Perceptions of the Built Environment and Support for Policies That Promote Physical Activity

in Journal of Physical Activity and Health
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Background: To assess how perceptions of the community built environment influence support for community policies that promote physical activity (PA). Methods: A national cross-sectional survey assessed perceptions of the local built environment and support of community policies, including school and workplace policies, promoting PA. A random digit–dialed telephone survey was conducted in US counties selected on Behavioral Risk Factor Surveillance System data for high or low prevalence of obesity and inactivity. A total of 1208 subjects were interviewed, 642 from high-prevalence counties and 566 from low-prevalence counties. Analyses were stratified by county prevalence of obesity and inactivity (high or low). Linear models adjusted for covariates were constructed to assess the influence of built environment perceptions on policy support. Results: Perception of more destinations near the residence was associated with increased support for community policies that promote PA, including tax increases in low-prevalence (obesity and inactivity) counties (P < .01). Positive perception of the workplace environment was associated (P < .001) with increased support for workplace policies among those in high-, but not low-, prevalence counties. Conclusions: Support for community policies promoting PA varies by perception of the built environment, which has implications for policy change.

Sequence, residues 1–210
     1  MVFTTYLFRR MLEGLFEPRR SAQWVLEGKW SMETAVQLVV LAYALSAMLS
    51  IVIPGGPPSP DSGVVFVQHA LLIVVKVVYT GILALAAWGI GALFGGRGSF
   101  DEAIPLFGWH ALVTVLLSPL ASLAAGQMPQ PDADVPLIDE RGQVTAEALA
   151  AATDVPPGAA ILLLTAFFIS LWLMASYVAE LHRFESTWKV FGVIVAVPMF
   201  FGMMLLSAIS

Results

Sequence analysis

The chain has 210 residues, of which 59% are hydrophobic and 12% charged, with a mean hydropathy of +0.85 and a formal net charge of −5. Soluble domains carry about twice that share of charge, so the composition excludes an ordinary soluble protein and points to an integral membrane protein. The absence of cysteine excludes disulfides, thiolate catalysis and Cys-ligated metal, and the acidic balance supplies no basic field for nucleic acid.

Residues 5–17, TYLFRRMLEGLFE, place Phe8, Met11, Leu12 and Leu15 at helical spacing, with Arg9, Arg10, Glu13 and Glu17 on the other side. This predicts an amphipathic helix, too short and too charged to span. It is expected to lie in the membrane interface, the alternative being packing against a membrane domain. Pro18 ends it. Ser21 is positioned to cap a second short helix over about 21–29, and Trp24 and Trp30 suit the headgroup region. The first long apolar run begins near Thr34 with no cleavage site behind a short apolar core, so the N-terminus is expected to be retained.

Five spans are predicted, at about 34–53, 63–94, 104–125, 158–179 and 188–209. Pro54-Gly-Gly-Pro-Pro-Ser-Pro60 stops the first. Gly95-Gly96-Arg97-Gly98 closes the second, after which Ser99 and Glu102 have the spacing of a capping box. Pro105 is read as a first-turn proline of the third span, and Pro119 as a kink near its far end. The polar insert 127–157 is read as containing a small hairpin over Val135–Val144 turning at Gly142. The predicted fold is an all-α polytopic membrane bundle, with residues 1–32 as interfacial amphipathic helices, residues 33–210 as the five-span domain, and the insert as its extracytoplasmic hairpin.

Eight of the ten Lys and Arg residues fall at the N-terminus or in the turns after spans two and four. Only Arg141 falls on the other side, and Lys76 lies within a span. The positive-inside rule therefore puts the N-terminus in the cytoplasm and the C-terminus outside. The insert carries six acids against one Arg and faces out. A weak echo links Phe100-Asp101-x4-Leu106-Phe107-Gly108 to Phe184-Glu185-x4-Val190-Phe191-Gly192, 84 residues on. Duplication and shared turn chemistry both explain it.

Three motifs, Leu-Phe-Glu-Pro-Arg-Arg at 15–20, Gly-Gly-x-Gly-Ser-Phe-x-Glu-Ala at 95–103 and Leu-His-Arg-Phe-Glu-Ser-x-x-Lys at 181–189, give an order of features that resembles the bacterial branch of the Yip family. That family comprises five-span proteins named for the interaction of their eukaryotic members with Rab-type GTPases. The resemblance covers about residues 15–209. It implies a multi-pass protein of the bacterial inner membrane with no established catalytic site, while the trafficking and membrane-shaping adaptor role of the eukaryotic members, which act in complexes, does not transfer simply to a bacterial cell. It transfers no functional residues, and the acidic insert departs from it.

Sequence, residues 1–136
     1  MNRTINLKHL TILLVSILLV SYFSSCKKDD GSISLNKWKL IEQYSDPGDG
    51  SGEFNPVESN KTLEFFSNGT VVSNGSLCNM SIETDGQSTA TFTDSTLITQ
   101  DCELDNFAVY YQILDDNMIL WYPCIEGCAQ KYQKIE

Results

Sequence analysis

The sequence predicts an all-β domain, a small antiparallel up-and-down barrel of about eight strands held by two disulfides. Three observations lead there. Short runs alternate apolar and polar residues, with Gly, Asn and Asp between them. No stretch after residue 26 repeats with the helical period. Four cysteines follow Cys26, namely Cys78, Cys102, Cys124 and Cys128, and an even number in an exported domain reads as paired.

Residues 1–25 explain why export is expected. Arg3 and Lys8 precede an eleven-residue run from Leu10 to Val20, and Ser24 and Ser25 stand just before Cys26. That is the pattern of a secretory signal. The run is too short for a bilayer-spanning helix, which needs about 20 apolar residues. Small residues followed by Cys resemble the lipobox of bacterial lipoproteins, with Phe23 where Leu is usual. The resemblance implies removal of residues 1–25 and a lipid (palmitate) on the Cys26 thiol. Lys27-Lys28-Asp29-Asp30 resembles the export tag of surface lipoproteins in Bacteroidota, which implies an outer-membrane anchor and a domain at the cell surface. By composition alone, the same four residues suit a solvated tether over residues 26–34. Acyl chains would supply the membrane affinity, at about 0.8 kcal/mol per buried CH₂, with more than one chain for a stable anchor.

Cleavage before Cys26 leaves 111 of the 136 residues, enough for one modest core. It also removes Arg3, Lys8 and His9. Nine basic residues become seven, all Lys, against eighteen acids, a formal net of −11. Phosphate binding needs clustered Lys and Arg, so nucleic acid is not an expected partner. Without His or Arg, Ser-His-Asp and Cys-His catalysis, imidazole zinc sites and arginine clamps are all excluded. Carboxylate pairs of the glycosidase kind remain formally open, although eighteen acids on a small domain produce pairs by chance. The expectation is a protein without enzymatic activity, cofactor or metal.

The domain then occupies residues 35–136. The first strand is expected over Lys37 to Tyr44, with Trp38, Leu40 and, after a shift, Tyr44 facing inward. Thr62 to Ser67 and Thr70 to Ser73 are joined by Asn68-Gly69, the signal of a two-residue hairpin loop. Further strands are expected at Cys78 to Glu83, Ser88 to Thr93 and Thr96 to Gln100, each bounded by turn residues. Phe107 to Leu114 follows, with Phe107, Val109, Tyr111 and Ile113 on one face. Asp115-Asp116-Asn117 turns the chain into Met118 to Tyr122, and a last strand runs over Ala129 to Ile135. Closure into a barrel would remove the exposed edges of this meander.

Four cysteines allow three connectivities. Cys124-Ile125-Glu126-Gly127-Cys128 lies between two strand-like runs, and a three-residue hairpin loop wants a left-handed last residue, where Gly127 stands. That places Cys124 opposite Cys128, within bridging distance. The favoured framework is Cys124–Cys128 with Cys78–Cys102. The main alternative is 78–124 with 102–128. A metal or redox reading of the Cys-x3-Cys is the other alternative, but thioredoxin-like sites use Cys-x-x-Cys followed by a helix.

Gustat is with the Department of Epidemiology, Tulane Prevention Research Center, Tulane University School of Public Health and Tropical Medicine, New Orleans, LA. Anderson is with the Department of Epidemiology, Tulane University School of Public Health and Tropical Medicine, New Orleans, LA. O’Malley is with the Department of Global Community Health and Behavioral Sciences, Tulane University School of Public Health and Tropical Medicine, New Orleans, LA. Hu is with the Division of Epidemiology and Community Health, University of Minnesota School of Public Health, Minneapolis, MN. Tabak, Valko, and Eyler are with Brown School, Prevention Research Center in St. Louis, Washington University in St. Louis, St. Louis, MO. Goins is with the Division of Preventive and Behavioral Medicine, University of Massachusetts Medical School, Worcester, MA. Litt is with the University of Colorado Boulder, Boulder, CO.

Gustat (gustat@tulane.edu) is corresponding author.
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